Let me gather these disjointed thoughts into a summary which I hope should make the ideas clearer. Development under the current system is difficult because of the numerous ethnic groups and their divergent aspirations; the only way to ensure that development occurs is to recognize these differences and to grant greater autonomy to these various groups so that they will pursue development that is relevant to them. My thoughts are that development should be broadly based, and this requires the involvement of everyone in the state in order for it to occur. The state system is the most suited form of organization for this task because it is the embodiment of the aspirations of the people and not an external entity.

The state should embark on a program to develop industry for which it is naturally endowed both in terms of natural resources but more importantly human capital which is why the education of the province should be the state’s primary objective initially. Education should be relevant to the development of the province, providing the skills required to participate meaningful to economic development and social harmony.

Economic growth should not be pursued by a focus on agriculture as this is bound to keep the state in stagnation. Instead efforts should be directed toward the development of industry and the encouragement of entrepreneurship through the provision of transportation services, the availability of markets and the development of capital markets that will ensure that entrepreneurs with the necessary skill are given the financial ability to carry out their projects.

This I believe will lead to economic development, the reduction of crime, the easing of ethnic conflicts and a brighter Papua New Guinea. Idealistic? Definitely, but were it not for the idealism of the renaissance, the world would not have many of the developments that it now enjoys. This can become a reality, our biggest obstacles at the moment may be the vested interests of those in power and our own fears of failure, but we shall overcome!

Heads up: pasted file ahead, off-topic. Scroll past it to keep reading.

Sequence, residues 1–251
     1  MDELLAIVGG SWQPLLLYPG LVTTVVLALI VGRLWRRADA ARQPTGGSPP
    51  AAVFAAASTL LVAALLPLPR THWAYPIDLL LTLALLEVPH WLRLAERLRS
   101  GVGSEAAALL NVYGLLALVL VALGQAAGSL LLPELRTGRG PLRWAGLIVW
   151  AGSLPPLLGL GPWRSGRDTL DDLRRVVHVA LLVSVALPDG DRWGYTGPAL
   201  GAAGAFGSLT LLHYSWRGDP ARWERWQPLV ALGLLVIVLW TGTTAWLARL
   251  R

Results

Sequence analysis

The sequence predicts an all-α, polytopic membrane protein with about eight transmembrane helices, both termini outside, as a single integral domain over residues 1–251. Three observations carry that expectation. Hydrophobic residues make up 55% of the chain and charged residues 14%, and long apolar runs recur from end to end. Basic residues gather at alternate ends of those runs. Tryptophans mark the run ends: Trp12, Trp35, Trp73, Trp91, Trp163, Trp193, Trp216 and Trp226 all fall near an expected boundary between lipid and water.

Mangi Nating




I read with interest your descriptions as well as some prescriptions for a new order in Papua New Guinea. As we both readily admit, we need to move from the theoretical to the practical, from romantic to realistic. While I do not qualify as someone with the academic rigour to provide a well argued critique of some of your very good points; I would like to make some observations, if only to get others who might be better qualified to weigh in on the discussion.

The need to cut loose from our past

You are right about the need to look back ,to gain some lessons from our past but recent history. But it should be just that- a reference point only. If necessary we should incorporate elements and aspects of that past which is positive. However when the elements of our past become a liability and an impediment to our advancement as a nation we should quickly jettison it. A good example of this is so-called Melanesian way. Proponents like Mr. Narakobi would argue that it is the best way to reach consensus; by accommodating all the varying points of view. This is the way many PNG governments have conducted their business whether it is in the formation of a government or allocation of ministries to appointment of top level bureaucrats; and most recently may I add, the appointment of the GG elect. All of this smacks of nepotism and behind the scenes cynical manoeuvring which in the end robs Papua New Guineans of having the best possible candidates for public office. I think it’s time to be ‘hardnosed’ about much of our culture, history and our Papua New Guinean way of doing things. I suggest a ruthless culling of those less than the best aspects of our cultural, historical and ethnic identity from our collective and individual psyche is pretty much in order. I take a very dim view to suggestions that put too much stock here (in our culture, history ethnicity). I could easily cite other examples but that will suffice for now.

Industry or Agriculture?